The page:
major disaster as determined by the President, to meet the occupancy 
requirements set by [the URA].'' Accordingly, homeowner occupants and 
tenants displaced from their homes as a result of the identified 
disaster and who would have otherwise been displaced, as a direct 
result of any acquisition, rehabilitation, or demolition of real 
property for a federally funded program or project, may become eligible 
for a replacement housing payment, notwithstanding their inability to 
meet occupancy requirements prescribed in the URA.
    Grantees that received a CDBG-DR grant for a major disaster in 
2015, 2016, or 2017 under Public Laws 114-113, 114-223, 114-254, or 
115-31, and a CDBG-DR grant for a 2017, 2018, or 2019 major disaster 
under Public Laws 115-56, 115-123, 115-254, or 116-20 are subject to 
different alternative requirements with respect to protections afforded 
to tenants and homeowners under Section 414 of the Stafford Act.
    To avoid the administrative burden of implementing two different 
URA alternative requirements, HUD is authorizing grantees under Public 
Laws 114-113, 114-223, 114-254, and 115-31 that also received a CDBG-DR 
grant under Public Law 115-56, 115-123, 115-254, or 116-20 to either: 
(a) Continue to follow Section 414 of the Stafford Act (or any grantee-
specific alternative requirement previously authorized by HUD) for its 
Public Laws 114-113, 114-223, 114-254, and 115-31 CDBG-DR grants; or 
(b) follow the waiver and alternative requirement described in the 
following paragraph for its Public Laws 114-113, 114-223, 114-254, and 
115-31 CDBG-DR grants. The grantee's programs under the most recent 
Public Laws (Pub. L. 115-56, 115-123, 115-254, or 116-20) are already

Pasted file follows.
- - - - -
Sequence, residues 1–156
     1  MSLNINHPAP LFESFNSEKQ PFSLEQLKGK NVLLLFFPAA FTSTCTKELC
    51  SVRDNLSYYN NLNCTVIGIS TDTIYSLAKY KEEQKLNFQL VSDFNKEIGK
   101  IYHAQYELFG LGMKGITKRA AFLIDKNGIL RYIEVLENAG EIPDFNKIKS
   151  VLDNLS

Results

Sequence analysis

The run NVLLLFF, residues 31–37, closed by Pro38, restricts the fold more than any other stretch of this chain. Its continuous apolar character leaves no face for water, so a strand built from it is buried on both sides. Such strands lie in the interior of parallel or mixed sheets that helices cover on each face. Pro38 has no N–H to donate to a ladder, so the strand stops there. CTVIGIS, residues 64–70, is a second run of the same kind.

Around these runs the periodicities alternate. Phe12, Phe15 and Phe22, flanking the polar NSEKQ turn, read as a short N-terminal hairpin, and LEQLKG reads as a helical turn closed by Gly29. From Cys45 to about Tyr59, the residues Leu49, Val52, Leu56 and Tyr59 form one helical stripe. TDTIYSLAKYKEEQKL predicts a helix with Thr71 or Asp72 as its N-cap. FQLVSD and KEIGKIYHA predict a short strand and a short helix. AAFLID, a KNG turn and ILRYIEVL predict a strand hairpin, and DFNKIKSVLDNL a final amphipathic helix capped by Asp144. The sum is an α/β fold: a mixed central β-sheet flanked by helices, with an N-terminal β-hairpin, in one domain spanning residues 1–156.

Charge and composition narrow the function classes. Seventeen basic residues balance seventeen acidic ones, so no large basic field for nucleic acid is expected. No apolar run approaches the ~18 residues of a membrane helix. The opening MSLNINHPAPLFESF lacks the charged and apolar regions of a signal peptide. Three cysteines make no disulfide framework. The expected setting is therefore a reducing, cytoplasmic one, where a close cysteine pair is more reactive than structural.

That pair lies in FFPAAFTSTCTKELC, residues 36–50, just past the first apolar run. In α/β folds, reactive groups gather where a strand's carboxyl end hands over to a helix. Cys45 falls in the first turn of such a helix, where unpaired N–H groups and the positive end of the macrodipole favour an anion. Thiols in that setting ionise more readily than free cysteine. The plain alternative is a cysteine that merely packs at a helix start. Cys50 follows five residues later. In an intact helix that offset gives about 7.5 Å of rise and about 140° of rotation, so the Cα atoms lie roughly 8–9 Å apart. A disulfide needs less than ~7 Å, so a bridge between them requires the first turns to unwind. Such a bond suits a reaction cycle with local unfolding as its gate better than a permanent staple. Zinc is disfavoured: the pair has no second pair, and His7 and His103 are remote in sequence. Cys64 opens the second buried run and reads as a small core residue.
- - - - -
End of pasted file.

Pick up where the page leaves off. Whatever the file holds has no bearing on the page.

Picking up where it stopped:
required to follow the waiver and alternative requirement defined 
below. If a grantee chooses to follow option (b) above then it must 
identify this approach in its policies and procedures related to that 
particular activity, and consistently apply that option for all 
displaced persons affected by that activity.
    The waiver and alternative requirement is as follows: Section 414 
of the Stafford Act (including its implementing regulation at 49 CFR 
24.403(d)(1)), is waived to the extent that it would apply to real 
property acquisition, rehabilitation, or demolition of real property 
for a CDBG-DR funded project, undertaken by the grantee or 
subrecipient, commencing more than one (1) year after the 
Presidentially declared disaster, provided that the project was not 
planned, approved, or otherwise underway prior to the disaster. For 
purposes of this paragraph, a CDBG-DR funded project shall be 
determined to have commenced on the earliest of: (1) The date of an 
approved Release for Request of Funds (RROF) and certification, or (2) 
the date of completion of the site-specific review when a program 
utilizes tiered environmental reviews, or (3) the date of sign-off by 
the approving official when a project converts to exempt under 24 CFR